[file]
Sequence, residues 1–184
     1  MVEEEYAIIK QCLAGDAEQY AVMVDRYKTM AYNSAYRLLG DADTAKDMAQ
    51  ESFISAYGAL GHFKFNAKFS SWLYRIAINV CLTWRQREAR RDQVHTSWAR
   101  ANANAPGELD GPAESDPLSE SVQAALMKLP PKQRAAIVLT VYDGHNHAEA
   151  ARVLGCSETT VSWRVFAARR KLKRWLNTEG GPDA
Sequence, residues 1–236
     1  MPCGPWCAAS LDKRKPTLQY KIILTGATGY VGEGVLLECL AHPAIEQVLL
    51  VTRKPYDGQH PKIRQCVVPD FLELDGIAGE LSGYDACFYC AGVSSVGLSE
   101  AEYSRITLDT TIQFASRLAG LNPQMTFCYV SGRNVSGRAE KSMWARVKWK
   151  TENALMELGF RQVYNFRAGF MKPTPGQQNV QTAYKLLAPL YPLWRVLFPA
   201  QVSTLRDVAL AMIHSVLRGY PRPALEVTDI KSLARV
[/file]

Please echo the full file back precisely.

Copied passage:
Sequence, residues 1–184
     1  MVEEEYAIIK QCLAGDAEQY AVMVDRYKTM AYNSAYRLLG DADTAKDMAQ
    51  ESFISAYGAL GHFKFNAKFS SWLYRIAINV CLTWRQREAR RDQVHTSWAR
   101  ANANAPGELD GPAESDPLSE SVQAALMKLP PKQRAAIVLT VYDGHNHAEA
   151  ARVLGCSETT VSWRVFAARR KLKRWLNTEG GPDA
Sequence, residues 1–236
     1  MPCGPWCAAS LDKRKPTLQY KIILTGATGY VGEGVLLECL AHPAIEQVLL
    51  VTRKPYDGQH PKIRQCVVPD FLELDGIAGE LSGYDACFYC AGVSSVGLSE
   101  AEYSRITLDT TIQFASRLAG LNPQMTFCYV SGRNVSGRAE KSMWARVKWK
   151  TENALMELGF RQVYNFRAGF MKPTPGQQNV QTAYKLLAPL YPLWRVLFPA
   201  QVSTLRDVAL AMIHSVLRGY PRPALEVTDI KSLARV